It’s as though both of Russia’s major ballet companies have been caught in the unyielding grip of a polar vortex.
Bitter fissures have cracked through their elegant facades: Valery Gergiev, general director of St. Petersburg’s Mariinsky Theatre, comprising its opera and ballet, has been met with protests for his support of President Vladimir Putin, whose homophobic laws have galvanized not only gay athletes but the arts’ gay fan base. An abrupt shake-up at the renowned Vaganova Ballet Academy, feeder school of the Mariinsky, has further deepened anti-Gergiev sentiment in the ballet world.
Meanwhile, at Moscow’s Bolshoi Ballet, artistic director Sergei Filin was nearly blinded last year in a vicious acid attack instigated by one of his dancers. Pay-to-dance bribery allegations and an artist exodus ensued.
What a cruel business. What a relief that the art prevails. The Mariinsky’s “Swan Lake,” which began a week of performances Tuesday night at the Kennedy Center Opera House, scored a triumph for what is still proudly tender and harmonious in Russian ballet.
Watching “Swan Lake,” which lays bare a troupe’s collective technique and emotional commitment as no other ballet does, can amount to a chore if those dancing it aren’t excellent throughout the ranks. So many companies lack that kind of depth. Yet the opening-night cast led by Alina Somova and Vladimir Shklyarov drove home the argument that the Mariinsky is not one of them.
This ballet was alive with rare clarity and coherence. A kind of magic lit the stage from the first act’s deep autumnal landscape, a magic conjured by timing and breath and a shared aesthetic of grandeur. If these dancers are not to the manner born, they are to the manner trained, and you saw it in the way they heard the Tchaikovsky in the same way and moved cleanly on the same impulses. Prince Siegfried’s drinking companions, his virtuosic trio of friends, the bejeweled ensemble of well-bred young ladies — they all moved in rising and falling crests and interleaving patterns whose musical sensitivity simply astonished.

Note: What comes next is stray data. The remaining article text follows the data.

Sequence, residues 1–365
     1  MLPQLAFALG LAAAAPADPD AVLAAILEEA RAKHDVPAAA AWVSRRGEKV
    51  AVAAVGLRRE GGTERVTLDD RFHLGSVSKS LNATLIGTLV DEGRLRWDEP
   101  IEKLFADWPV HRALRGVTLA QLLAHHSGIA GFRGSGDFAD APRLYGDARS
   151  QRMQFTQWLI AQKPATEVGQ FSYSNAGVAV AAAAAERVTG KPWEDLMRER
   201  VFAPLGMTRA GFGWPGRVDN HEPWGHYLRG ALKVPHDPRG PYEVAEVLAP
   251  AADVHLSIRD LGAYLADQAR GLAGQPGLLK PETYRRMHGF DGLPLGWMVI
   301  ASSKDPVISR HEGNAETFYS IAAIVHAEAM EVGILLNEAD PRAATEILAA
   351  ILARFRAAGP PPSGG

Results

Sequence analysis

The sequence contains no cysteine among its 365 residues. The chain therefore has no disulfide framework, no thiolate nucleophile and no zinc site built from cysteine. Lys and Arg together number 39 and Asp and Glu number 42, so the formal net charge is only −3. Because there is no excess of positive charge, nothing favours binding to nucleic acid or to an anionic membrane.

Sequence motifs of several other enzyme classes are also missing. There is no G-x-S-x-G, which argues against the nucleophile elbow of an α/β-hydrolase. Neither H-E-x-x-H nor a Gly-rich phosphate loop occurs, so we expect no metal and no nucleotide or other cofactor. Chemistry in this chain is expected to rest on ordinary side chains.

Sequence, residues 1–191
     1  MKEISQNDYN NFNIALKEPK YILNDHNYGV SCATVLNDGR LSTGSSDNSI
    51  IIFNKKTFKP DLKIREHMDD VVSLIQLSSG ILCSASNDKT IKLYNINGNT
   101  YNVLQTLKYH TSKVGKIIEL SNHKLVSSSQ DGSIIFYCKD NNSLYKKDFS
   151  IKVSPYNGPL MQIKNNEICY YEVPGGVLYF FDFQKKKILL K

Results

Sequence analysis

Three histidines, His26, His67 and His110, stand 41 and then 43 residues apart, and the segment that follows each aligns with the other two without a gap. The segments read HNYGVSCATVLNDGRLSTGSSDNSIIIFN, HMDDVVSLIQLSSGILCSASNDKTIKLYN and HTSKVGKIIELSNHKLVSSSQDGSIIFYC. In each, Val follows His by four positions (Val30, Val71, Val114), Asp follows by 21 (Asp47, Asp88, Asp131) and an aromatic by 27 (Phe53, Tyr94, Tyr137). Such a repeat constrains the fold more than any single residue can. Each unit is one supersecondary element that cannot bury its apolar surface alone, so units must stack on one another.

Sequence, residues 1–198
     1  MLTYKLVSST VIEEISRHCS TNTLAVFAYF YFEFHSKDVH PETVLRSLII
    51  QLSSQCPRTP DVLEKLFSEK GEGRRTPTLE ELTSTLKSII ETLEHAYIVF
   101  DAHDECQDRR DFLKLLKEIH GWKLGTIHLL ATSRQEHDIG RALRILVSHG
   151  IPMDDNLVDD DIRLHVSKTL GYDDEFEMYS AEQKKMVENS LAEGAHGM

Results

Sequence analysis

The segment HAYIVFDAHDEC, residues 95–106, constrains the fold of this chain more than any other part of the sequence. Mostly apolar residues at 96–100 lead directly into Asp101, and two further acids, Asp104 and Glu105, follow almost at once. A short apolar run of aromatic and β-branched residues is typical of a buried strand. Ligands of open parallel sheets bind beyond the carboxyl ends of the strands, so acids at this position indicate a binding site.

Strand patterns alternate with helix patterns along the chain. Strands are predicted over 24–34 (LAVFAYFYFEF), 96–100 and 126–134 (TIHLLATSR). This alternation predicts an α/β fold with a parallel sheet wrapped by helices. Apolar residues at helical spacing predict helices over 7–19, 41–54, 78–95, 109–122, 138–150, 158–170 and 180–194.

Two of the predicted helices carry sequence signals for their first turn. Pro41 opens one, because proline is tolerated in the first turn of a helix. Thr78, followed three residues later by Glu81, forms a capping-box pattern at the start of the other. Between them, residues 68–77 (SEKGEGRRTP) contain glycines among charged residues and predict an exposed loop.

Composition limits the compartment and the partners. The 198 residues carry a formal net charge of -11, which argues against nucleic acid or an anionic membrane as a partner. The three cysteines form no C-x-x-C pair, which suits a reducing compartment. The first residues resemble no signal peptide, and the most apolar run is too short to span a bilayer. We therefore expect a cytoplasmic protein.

All of the order, privileged ease and controlled feeling of the court that Siegfried will one day inherit was made plain in the shape and flow of the dancing.
And then he throws it all away.
And we completely understand why.
How could he resist Somova’s Odette? Captive to a magician’s spell, she unspooled a magic of her own. Somova is known — and derided, by some — for her extreme flexibility more than her artistry, but it’s time for a reassessment. First of all, she is blessedly free of affectation: no Gothic dramatics, no face-pulling. Secondly, this whisper-thin, leggy creature who looks like a child has upper-balcony star quality. There is something fascinating and watchable about her, the way Joan Crawford was not a classic beauty but she made you focus on her every move, every minute.
Such half-beauties, half-curiosities achieve that fascination by creating tension, which keeps their audience alert. There is no mental coasting when you’re watching Somova. She has a strange, unsettling flying-apart quality. When launching into a big jump or a high kick, her limbs go in all directions; she seems as weightless as a paper doll. Where does the power come from to harness them again, and swiftly?
Later in the ballet, when she appeared as Odile, the black-hearted seductress who leads Siegfried to ruin, Somova began wobbling in her turns (Uh-oh! — train wreck coming) but darn if she didn’t suck herself up into a whirlwind that by the end of her solo felt like a force of nature. With power to burn: I’ve never seen an Odile whip off those punishing 32 fouette turns so fast, in such poor form —and so thrillingly.
Shklyarov was a fine and fitting prince, and endearingly young, like Somova. They looked like a couple of teenagers, which gave the whole production a feeling of freshness. They were not the only stars, however. The corps was the ballet’s moral center — the way the swan community surrounded Somova’s Odette in a clamor of compassion, and their piercing propulsion in all the weaving patterns and groupings of the lakeside scene under moonlight, amid trees hung with ice.
Alexey Repnikov conducted the Opera House Orchestra; luminous solos were given by concertmaster Oleg Rylatko and principal harpist Susan Robinson.
In an evening of many memorable moments, one of my favorites was a quick one, completed in a wink: When Siegfried realizes he has been tricked by Odile into betraying Odette, he is frantic, desperate and runs. . .to his mother, burying his face in her hands. So sweet! Tenderness and tradition meet in this cast, and it’s a splendid combination.
continues at the Kennedy Center Opera House through Sunday with cast changes.